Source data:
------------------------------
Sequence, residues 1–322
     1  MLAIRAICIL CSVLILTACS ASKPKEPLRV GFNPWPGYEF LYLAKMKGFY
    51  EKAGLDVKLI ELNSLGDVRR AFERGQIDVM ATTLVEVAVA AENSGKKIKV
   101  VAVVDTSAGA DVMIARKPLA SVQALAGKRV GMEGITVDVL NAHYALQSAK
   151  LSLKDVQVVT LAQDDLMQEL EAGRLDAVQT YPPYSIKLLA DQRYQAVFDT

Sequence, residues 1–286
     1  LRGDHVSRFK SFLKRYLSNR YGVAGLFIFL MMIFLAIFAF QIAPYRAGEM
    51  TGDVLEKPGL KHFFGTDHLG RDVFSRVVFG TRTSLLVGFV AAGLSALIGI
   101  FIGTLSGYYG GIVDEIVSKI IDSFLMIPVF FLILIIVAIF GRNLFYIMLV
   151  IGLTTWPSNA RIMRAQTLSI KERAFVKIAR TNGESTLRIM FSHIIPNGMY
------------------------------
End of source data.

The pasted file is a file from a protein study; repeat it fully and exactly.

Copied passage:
Sequence, residues 1–322
     1  MLAIRAICIL CSVLILTACS ASKPKEPLRV GFNPWPGYEF LYLAKMKGFY
    51  EKAGLDVKLI ELNSLGDVRR AFERGQIDVM ATTLVEVAVA AENSGKKIKV
   101  VAVVDTSAGA DVMIARKPLA SVQALAGKRV GMEGITVDVL NAHYALQSAK
   151  LSLKDVQVVT LAQDDLMQEL EAGRLDAVQT YPPYSIKLLA DQRYQAVFDT

Sequence, residues 1–286
     1  LRGDHVSRFK SFLKRYLSNR YGVAGLFIFL MMIFLAIFAF QIAPYRAGEM
    51  TGDVLEKPGL KHFFGTDHLG RDVFSRVVFG TRTSLLVGFV AAGLSALIGI
   101  FIGTLSGYYG GIVDEIVSKI IDSFLMIPVF FLILIIVAIF GRNLFYIMLV
   151  IGLTTWPSNA RIMRAQTLSI KERAFVKIAR TNGESTLRIM FSHIIPNGMY